Putting a little thought into maintaining a well-stocked pantry is the best starting point to launch into better eating habits. A few hardworking ingredients mean you can create a delicious and nutritious meal quickly. This is important if you’re cooking for one or you’re too tired to cook anything more fancy than a piece of toast for dinner every night. Here is a list of things good to keep on hand, and you will find pretty much everything on it at your local supermarket or health-food store.
All spices contain antioxidants—they are what give them their color and much of their flavor—and many have been shown to also have helpful anti-inflammatory properties. Remember, though, that much of the talk you might hear about the benefits of turmeric (curcumin), cinnamon, rosemary and others usually is based on studies where the amounts used were well beyond what you could practically eat (usually given in pill form), so the findings of these studies don’t always apply to the amounts you might eat in foods.
It’s also important to realize that, when any food component or herb is eaten in quantities way beyond what could usually be found in food, they behave more like medications than like food. Because of that, there can be consequences to your health from taking some of these in the amounts available in pills. Many can interact with medications you might be taking, or affect your liver and other organs.
By contrast, when these are eaten in the amounts in these recipes, and especially when they have the chance to interact with other food components which balance or even enhance their benefits, there is plenty to be gained.
This excellent spice has had a bit of attention in recent years, having been found to assist in diabetes management and maintaining healthy cholesterol levels. For these reasons as well as the variety of antioxidants and anti-inflammatory substances it offers, there are also benefits for the brain. Be aware, though, that there are two main types of cinnamon on the market and they do have somewhat different properties. All are sold either as sticks, which are rolled bark, or powdered.
“True” cinnamon (with the botanical name of Cinnamomum verum, but also known as Cinnamomum zeylanicum) comes mostly from Sri Lanka (it’s sometimes still called Ceylon cinnamon despite that country’s name change on becoming a republic more than 40 years ago!) and southern India. The bark is thin so the stick is many layered and closely rolled, but is also quite fragile and can be easily broken up in your hand. In contrast, what is more commonly available is “cassia” cinnamon (Cinnamomum cassia), usually from China, Vietnam or Indonesia: the bark is thicker and the stick is just one or two layers. It’s not fragile and doesn’t easily break in your hand.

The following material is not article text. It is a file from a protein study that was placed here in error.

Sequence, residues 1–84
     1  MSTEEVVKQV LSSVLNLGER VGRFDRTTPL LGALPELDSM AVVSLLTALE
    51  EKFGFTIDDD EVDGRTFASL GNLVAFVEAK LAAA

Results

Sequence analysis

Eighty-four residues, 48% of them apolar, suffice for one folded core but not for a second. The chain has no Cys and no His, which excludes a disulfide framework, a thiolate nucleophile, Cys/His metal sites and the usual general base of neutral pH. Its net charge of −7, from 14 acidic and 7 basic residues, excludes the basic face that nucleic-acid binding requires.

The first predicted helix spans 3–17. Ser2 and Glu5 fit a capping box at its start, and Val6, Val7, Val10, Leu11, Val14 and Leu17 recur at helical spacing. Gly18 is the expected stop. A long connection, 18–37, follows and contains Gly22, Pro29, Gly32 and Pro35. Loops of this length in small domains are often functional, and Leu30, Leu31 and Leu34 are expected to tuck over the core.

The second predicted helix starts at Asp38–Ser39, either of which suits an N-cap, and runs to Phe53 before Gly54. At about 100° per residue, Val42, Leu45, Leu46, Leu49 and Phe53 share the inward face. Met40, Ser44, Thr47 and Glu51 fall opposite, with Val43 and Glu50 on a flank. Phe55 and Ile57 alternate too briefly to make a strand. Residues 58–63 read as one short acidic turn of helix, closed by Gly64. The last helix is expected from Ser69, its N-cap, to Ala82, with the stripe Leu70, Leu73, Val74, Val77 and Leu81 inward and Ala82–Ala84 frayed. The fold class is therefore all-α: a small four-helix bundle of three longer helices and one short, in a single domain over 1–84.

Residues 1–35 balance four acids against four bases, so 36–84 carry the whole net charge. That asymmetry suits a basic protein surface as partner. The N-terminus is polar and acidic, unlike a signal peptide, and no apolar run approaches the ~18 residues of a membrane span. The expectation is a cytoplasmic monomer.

When it comes to ground cinnamon, it’s a bit difficult to know what type of cinnamon you are eating, as the labels don’t always specify the source or the type; however, in nutritional terms, it might not matter. You might read claims that only “true” cinnamon is of benefit to the brain; however, many studies that have investigated the health benefits of cinnamon have used cassia cinnamon or didn’t specify the type at all. So, the benefits have been shown from either type. Both contain valuable antioxidants and anti-inflammatory substances
This can be used fresh if you can get it (grate it straight into dishes or sprinkle on top), but ground turmeric is the one that is easy to keep in your pantry. This beautiful golden spice—best known in dishes from India, Pakistan, Morocco and the Middle East—is creating a bit of a stir in neuroscience research. The research being done uses much larger amounts than we would normally eat, so the benefits available from what’s in these recipes are not quite the same; however, what we have here is a combination of this lovely spice with a variety of other ingredients that all contain antioxidant substances and ingredients that supply a number of valuable nutrients. Research has shown that turmeric needs fat or oil to be absorbed.
Cumin, coriander and fennel seeds
All of these seeds have plenty of antioxidants, along with the protein that is offered by all seeds. Keep whole seeds as well as ground, if you have space for both. Freshly ground seeds tend to have a stronger flavor, so it’s a great idea to keep whole seeds, dry roast them for a couple of minutes, then grind them as you need them using a mortar and pestle or spice grinder.
This vibrant spice is the dried skin and flesh of bell peppers; the flavor and color depend on the varieties that are used and whether the peppers have been smoked or not before drying and grinding. Most paprika you will buy in a grocery store will be either sweet, hot or smoked. The sweetness in the first comes only from the sugars naturally found in the pepper. It is the perfect one for most dishes. The hot varieties incorporate some more chili-like varieties to give extra zing, and then of course there is cayenne pepper, which is a type made from the hot and spicy cayenne pepper. Smoked paprika is made from peppers that have been smoked before drying and grinding. They give many Spanish, Mexican and Moroccan dishes their warm and dusky flavor and unique appeal. Whichever paprika you choose, be assured that it is packed with antioxidants. As always, use the freshest you can get to ensure the best flavor.
Nuts and Seeds
Walnuts are especially high in omega-3 fats, but all nuts contain protein, antioxidants and an array of useful brain-supporting nutrients, so keep a variety on hand; walnuts, almonds, hazelnuts, pine nuts, pecans; as well as seeds such as pumpkin, sesame, sunflower and poppy seeds. Both nuts and seeds store quite well; however, when you buy them, check use-by dates and try to use them promptly, as the oils they contain can degrade in time (particularly in light, warm places). If you are keeping them for a while and you live in a warm or tropical area, its useful to keep them in the fridge or a cool place but allow them to return to room temperature to eat them for the best flavor.